It was obvious from my perspective, being removed by nearly 80 years, that what was popular in musical styles and figure skating techniques in 1940 (as opposed to 2020) is very different! For example, we rarely hear or see trombonists play by wiggling their slides to create vibrato the way Glen Miller did. And now days, we are accustomed to watching any figure skater of repute to display an arsenal of triple axels and other tricks as a matter of course during their routines. What we forget is, back then, Glen Miller and Sonja Henie were forging new ground.
Thank goodness for film that has preserved great performances. Glen Miller produced hit tune after hit tune from 1932-1944. Unfortunately, he and his band were all killed when their plane went down in the English Channel during WWII. Sonja Henie won 10 Olympic figure skating titles in a row. But what made her the inspiration that she was to future female figure skaters were her movies and touring ice skating shows.
While I was watching the movie, "Sun Vally Serenade," I really had to check myself for having thoughts like an armchair critic. (I have no ice skating skill and I don’t play trombone, so I really have no right to be judge-mental.) Some of the choreography for the instrumentalists of the Big Bands during the 1940’s seem pretty hokey to us nowadays. But these big bands were learning to do anything they could to compete and be unique in a field of so many.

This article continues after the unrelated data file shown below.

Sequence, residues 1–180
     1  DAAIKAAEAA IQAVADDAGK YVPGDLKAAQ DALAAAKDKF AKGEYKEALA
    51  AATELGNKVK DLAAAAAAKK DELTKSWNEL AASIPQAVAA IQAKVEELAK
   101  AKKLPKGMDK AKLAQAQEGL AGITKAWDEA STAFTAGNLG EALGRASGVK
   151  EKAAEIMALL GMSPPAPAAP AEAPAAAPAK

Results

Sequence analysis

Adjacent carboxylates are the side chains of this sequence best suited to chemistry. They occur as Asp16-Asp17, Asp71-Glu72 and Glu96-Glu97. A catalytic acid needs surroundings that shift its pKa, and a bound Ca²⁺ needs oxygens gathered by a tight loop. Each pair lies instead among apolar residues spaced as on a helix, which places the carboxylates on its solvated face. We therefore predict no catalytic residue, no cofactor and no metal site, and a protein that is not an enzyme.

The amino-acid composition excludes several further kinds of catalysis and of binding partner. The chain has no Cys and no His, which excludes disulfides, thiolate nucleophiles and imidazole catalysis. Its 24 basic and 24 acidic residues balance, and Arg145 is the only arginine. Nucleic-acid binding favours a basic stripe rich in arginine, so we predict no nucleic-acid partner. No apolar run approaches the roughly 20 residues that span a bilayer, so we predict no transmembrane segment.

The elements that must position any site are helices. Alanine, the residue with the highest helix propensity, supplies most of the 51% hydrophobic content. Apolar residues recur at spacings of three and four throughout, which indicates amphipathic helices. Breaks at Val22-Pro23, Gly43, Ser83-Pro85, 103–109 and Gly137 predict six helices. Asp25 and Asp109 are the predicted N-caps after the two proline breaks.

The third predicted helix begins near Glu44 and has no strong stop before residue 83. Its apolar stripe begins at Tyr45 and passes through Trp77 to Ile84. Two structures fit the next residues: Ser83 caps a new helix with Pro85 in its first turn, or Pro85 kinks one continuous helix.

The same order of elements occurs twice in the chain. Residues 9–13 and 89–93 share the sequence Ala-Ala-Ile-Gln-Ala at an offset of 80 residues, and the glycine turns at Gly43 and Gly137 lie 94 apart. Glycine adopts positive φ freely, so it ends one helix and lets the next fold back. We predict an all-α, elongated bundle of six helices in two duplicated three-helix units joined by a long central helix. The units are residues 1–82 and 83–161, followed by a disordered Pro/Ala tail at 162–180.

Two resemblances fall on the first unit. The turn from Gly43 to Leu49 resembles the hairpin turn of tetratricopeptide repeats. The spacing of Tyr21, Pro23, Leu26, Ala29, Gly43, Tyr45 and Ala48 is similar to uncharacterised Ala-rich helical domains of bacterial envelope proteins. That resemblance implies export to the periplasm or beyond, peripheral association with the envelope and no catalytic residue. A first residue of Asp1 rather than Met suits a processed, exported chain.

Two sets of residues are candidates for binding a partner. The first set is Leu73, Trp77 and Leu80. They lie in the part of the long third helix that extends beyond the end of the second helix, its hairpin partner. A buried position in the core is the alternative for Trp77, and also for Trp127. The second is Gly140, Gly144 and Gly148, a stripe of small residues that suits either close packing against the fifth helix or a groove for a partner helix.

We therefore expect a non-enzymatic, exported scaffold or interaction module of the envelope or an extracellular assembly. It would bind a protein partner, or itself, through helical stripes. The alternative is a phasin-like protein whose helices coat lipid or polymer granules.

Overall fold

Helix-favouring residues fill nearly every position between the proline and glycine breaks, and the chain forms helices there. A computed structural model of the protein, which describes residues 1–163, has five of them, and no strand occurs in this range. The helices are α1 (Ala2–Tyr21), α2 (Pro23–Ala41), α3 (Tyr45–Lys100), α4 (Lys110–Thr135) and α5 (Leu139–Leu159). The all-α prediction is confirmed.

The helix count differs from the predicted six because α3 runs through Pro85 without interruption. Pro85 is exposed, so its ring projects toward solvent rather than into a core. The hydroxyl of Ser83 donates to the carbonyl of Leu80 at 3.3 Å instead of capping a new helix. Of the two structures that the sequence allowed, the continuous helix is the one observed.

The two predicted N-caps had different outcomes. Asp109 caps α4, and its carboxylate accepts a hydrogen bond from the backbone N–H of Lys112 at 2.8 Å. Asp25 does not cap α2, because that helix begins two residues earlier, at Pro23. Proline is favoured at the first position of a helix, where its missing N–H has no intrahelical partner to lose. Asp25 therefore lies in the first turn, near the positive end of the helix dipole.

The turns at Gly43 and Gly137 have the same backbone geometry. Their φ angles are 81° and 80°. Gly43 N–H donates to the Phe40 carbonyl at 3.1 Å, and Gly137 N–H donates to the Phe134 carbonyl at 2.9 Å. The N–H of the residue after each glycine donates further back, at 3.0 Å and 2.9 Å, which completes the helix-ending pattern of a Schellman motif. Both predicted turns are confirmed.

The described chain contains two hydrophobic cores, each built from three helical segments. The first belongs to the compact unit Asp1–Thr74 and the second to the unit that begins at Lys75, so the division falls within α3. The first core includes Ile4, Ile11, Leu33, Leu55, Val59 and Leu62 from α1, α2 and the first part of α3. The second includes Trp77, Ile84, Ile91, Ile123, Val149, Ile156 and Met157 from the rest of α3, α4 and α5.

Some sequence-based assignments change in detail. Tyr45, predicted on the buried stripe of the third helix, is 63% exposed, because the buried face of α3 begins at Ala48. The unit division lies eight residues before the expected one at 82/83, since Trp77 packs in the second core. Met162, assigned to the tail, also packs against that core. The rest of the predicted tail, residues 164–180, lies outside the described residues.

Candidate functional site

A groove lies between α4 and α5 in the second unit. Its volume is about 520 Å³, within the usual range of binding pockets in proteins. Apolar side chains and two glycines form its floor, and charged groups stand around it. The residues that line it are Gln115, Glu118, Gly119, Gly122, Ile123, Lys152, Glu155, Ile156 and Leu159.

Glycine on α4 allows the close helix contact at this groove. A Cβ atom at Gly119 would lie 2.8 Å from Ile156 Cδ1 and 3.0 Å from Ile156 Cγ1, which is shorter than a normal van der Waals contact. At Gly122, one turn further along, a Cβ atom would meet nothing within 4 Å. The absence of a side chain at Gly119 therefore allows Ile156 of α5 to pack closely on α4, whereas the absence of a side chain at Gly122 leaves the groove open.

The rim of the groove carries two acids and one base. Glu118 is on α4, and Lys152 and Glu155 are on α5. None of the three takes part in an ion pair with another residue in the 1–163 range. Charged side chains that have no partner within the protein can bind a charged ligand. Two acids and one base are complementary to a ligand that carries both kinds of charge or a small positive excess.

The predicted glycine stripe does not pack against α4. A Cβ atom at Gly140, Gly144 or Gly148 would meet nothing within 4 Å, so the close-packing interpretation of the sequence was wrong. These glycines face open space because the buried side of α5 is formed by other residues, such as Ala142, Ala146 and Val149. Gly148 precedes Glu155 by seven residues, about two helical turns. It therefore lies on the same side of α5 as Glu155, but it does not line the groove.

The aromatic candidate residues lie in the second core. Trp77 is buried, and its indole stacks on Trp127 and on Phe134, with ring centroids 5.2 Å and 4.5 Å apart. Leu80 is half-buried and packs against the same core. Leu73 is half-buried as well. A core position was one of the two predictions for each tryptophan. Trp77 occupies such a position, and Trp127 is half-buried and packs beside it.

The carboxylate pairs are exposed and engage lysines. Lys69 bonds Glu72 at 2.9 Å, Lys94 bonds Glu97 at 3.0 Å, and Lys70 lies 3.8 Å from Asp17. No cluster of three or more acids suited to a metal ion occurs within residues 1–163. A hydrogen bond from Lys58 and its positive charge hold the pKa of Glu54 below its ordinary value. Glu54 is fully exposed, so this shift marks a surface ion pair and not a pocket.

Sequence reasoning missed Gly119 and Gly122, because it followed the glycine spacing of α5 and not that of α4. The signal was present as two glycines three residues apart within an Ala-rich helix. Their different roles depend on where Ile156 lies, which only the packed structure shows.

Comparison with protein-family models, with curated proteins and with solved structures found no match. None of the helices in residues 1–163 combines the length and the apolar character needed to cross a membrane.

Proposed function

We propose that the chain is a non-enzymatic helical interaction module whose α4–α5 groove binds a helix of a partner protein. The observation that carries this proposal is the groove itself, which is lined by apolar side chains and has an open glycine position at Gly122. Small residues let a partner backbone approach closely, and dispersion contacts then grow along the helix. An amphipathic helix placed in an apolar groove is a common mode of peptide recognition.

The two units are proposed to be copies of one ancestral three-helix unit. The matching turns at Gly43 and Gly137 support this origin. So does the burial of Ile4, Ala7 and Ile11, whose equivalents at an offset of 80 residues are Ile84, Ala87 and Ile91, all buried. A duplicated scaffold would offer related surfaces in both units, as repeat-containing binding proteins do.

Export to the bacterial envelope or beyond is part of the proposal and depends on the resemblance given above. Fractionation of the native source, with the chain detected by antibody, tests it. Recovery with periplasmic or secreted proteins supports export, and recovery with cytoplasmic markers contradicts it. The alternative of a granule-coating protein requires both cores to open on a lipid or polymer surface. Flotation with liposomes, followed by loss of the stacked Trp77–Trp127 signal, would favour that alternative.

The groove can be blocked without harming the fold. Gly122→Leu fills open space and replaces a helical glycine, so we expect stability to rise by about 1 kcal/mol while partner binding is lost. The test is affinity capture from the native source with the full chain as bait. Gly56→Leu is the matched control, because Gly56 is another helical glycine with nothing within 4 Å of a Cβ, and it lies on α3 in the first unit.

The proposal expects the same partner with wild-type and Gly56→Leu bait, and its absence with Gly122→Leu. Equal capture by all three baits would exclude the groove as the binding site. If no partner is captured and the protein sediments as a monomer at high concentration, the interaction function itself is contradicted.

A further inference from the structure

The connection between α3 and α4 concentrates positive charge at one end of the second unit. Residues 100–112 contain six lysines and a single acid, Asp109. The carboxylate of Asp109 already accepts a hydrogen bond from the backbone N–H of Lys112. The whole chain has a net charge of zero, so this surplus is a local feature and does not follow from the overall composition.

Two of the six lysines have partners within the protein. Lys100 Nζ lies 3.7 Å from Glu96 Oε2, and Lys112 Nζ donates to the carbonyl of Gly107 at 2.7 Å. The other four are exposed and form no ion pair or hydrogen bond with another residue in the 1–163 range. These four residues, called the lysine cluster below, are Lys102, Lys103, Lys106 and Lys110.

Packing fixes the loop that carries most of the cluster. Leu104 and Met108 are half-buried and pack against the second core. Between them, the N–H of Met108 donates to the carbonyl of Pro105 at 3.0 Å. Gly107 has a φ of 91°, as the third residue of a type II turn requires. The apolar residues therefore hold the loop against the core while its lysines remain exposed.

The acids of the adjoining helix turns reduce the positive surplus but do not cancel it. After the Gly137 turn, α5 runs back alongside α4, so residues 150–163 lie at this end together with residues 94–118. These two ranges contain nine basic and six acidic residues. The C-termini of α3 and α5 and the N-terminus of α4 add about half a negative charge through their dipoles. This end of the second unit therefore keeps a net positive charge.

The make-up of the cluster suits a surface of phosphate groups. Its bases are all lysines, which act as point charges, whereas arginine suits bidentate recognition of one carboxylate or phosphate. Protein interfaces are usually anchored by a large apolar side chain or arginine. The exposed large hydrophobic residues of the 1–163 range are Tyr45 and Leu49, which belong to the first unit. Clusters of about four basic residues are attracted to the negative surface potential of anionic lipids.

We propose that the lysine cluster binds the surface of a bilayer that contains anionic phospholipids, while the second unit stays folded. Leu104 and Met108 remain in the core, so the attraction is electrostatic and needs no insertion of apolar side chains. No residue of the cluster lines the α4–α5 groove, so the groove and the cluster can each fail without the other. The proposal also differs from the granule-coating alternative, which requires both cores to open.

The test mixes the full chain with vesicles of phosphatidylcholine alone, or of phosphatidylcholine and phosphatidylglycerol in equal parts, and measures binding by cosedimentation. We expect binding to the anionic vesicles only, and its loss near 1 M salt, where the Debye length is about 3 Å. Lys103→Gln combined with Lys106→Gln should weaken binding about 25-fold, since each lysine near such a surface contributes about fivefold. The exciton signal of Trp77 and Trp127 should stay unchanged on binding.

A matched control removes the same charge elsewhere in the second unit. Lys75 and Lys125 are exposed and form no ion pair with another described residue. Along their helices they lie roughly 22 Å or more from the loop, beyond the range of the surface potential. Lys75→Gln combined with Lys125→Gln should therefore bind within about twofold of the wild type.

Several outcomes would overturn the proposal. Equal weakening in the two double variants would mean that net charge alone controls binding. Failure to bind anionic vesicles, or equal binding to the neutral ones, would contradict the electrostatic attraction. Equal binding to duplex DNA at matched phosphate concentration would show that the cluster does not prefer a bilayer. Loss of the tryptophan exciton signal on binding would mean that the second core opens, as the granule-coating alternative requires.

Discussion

(Check out a YouTube clip from this movie: The Glen Miller Orchestra "In the Mood" - 1941)
Olympic Figure Skaters nowadays are just unbelievably great. We simply expect spectacular jumps and balletic extensions from figure skaters in our day. We don’t realize that Sonja Henie pioneered some of the first jumps and spins ever executed by a female in competition. She also freed the female skaters of the burden of always wearing ankle length heavy skirts while trying to figure skate. She began the practice of wearing short velvet tutu skirts and white skates. She had many imitators and inspired younger skaters who followed her to further the sport.
So, I am vowing to learn more about the past so that I won’t be tempted to be an armchair critic!